For soccer star Lori Chalupny, concussions have created confusion about her health
Thursday, October 21, 2010; 12:30 AM
She started for the team in major international competition for five years and helped the Americans win Olympic gold in 2008. Astute observers of the sport consider her the most complete and versatile player in the esteemed program. She was active all summer, featuring in the midfield for the Atlanta Beat in Women's Professional Soccer.
But Chalupny, 26, will not play for the U.S. squad in Mexico and perhaps never represent her country again because of a history of concussions. Although Chalupny has been allowed to continue her pro career, the U.S. Soccer Federation, in consultation with one of the leading experts on sports head trauma, has not cleared her to play for the national team.
"I am 100 percent healthy and I have doctors to back me up," Chalupny said this week. "If I felt I was putting myself at risk, I wouldn't be playing."
The USSF, the sport's governing body in the United States that oversees all national teams, declined to elaborate on the decision, citing privacy issues involving an individual's medical records. In head injury cases, the USSF turns to Ruben Echemendia, a clinical neuropsychologist who has worked with the soccer organization for eight years and oversees the NHL and MLS concussion programs.
Chalupny's situation comes at a time of heightened concern about concussions suffered in athletic competition. After a series of head injuries this season, the NFL has cracked down on dangerous hits by implementing more severe disciplinary measures.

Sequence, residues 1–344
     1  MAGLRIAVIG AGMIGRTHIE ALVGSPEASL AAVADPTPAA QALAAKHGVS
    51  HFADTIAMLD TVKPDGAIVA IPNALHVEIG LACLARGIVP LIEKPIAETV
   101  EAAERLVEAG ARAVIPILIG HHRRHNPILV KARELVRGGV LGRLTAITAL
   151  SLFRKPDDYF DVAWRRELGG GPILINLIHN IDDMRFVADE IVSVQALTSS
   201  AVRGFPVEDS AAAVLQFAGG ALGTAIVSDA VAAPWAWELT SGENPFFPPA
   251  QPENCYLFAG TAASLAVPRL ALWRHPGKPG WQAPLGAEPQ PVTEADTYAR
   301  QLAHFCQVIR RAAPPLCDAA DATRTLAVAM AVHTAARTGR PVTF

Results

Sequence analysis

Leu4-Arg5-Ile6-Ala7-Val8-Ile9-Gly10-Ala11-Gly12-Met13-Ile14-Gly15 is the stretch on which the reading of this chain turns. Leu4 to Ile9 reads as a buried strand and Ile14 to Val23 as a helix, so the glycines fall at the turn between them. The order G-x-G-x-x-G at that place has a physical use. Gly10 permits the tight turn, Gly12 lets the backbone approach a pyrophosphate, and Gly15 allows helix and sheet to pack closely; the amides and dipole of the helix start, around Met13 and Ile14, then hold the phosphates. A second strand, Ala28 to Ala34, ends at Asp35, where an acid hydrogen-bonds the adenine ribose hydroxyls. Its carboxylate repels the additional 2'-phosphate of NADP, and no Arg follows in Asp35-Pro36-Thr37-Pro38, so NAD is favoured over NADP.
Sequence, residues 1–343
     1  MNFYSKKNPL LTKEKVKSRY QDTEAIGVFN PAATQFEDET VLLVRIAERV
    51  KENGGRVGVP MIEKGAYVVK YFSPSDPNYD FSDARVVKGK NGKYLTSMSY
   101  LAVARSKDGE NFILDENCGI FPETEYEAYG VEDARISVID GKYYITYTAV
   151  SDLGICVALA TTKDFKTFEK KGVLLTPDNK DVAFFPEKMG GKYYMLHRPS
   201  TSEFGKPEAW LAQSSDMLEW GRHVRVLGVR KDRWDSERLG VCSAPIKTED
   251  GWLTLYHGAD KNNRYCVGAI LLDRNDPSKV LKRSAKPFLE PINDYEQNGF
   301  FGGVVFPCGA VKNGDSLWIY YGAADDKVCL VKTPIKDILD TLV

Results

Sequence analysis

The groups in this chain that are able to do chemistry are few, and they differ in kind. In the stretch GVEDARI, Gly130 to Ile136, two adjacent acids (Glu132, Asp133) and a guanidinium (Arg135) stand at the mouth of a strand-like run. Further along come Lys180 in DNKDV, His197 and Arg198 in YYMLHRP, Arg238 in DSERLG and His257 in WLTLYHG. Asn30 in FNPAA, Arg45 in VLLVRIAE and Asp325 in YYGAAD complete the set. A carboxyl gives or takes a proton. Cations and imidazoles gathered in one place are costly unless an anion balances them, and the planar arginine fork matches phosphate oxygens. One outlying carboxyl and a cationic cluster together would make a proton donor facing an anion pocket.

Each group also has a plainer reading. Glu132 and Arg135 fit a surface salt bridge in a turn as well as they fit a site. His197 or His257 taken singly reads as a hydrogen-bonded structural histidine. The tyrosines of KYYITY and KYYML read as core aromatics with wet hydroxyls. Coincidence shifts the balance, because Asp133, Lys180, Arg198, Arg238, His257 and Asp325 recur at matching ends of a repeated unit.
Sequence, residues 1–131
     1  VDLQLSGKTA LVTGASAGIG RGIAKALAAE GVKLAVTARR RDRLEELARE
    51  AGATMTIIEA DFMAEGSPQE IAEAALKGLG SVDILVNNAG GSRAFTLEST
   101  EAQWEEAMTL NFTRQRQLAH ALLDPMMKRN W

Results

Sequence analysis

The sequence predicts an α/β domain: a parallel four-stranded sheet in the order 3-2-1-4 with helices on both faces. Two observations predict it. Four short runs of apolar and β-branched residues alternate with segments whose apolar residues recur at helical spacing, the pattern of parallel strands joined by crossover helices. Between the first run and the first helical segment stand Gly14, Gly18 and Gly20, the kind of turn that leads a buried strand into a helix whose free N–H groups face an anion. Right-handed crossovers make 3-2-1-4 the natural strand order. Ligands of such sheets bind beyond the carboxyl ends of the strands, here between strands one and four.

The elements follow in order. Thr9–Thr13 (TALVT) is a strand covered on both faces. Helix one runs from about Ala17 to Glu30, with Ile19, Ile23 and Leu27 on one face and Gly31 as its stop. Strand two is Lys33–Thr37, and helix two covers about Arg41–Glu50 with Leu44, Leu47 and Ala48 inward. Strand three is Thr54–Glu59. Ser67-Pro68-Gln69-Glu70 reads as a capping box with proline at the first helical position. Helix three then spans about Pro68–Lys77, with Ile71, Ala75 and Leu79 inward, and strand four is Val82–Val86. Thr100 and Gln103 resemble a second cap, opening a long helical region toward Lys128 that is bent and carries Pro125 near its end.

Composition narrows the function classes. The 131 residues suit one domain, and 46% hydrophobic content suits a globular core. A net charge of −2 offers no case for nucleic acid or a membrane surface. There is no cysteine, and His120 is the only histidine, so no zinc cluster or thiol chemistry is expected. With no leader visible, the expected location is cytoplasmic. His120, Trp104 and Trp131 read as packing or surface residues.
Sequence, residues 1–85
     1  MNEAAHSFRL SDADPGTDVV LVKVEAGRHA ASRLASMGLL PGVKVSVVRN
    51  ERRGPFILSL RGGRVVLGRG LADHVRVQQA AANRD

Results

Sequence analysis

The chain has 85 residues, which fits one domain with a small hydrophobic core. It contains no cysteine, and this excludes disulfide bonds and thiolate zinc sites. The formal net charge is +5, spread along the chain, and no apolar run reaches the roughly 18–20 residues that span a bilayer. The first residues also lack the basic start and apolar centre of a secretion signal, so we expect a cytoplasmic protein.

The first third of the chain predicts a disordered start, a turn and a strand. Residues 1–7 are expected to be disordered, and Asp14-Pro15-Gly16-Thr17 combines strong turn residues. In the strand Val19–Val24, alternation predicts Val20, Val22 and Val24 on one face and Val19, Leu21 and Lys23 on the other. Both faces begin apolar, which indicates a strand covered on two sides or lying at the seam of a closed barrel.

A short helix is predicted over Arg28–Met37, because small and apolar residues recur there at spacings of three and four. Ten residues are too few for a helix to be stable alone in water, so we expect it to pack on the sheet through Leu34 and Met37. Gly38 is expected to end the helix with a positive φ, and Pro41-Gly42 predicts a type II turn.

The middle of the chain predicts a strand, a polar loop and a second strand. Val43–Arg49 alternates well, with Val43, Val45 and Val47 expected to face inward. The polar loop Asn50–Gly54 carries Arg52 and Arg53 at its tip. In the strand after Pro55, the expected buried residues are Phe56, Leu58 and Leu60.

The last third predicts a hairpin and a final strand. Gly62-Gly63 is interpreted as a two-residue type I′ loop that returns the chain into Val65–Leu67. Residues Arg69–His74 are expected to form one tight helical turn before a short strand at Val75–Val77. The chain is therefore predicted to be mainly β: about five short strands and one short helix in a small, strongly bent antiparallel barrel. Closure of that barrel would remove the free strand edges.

In soccer, MLS veterans Taylor Twellman, Alecko Eskandarian and Bryan Namoff have been sidelined indefinitely because of concussions. Washington Freedom goalkeeper Briana Scurry was out for almost all of the WPS season with a head injury before retiring last month.
Athletes in many sports now must undergo an evaluation period before being allowed to return, a cautious approach spurred by medical advances and evidence of long-term damage to those who have endured additional blows to the head.
Chalupny's case is unique in that she is allowed to play for her pro team but banned from playing for her national team.
In an interview, Echemendia, who is in private practice after 18 years on the Penn State faculty, said he couldn't discuss Chalupny's case. But speaking in general about evaluating head injuries, he said he looks at the number of concussions that an athlete has suffered, how closely over time they occurred, the severity of symptoms and how long those symptoms lasted.
Chalupny, who also played for the University of North Carolina and U.S. junior national teams, said doctors have diagnosed her with a concussion five or six times.
While with the U.S. senior team in 2006, she suffered one against France, sidelining her for four months. Two years later, in the opening match at the Olympics, U.S. goalkeeper Hope Solo inadvertently punched her in the head on a clearing attempt. Chalupny left that game, missed the next match and returned to play in the last four.